Neurotrauma & Acquired Brain Injury


External trauma to the head is capable of damaging the brain, even if there is no external evidence of damage. More serious injuries can cause skull fracture, blood clots between the skull and the brain, or bruising and tearing of the brain tissue itself.

Injuries to the head can be caused by traffic accidents, sports injuries, falls, workplace accidents, assaults, or bullets. Most people have had some type of head injury at least once in their lives, but rarely do they require a hospital visit.

However, each year about two million people suffer from a more serious head injury, and up to 750,000 of them are severe enough to require hospitalization. Brain injury is most likely to occur in males between ages 15 and 24, usually as a result of car and motorcycle accidents. About 70% of all accidental deaths are due to head injuries, as are most of the disabilities that occur after trauma.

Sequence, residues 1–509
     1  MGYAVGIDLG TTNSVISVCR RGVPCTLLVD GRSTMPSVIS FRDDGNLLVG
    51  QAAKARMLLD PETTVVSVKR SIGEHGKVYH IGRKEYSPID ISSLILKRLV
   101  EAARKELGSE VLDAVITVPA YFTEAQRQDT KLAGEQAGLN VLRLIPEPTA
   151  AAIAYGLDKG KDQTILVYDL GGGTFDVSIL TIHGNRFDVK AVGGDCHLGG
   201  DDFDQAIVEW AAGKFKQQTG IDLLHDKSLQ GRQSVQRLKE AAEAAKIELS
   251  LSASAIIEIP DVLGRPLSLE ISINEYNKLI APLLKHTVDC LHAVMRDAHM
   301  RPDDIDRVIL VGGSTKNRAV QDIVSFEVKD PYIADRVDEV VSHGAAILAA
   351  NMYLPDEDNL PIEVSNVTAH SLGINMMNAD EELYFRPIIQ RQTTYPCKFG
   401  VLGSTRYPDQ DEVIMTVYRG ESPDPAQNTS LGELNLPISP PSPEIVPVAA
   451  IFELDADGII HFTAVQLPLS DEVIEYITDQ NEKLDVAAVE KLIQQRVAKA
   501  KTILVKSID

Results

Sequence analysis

A person who has had a head injury and who is experiencing the following symptoms should seek medical care immediately:

  • Serious bleeding from the head or face

  • Loss of consciousness, however brief

  • Confusion and lethargy

  • Lack of pulse or breathing

  • Clear fluid drainage from the nose or ear.

Causes and Symptom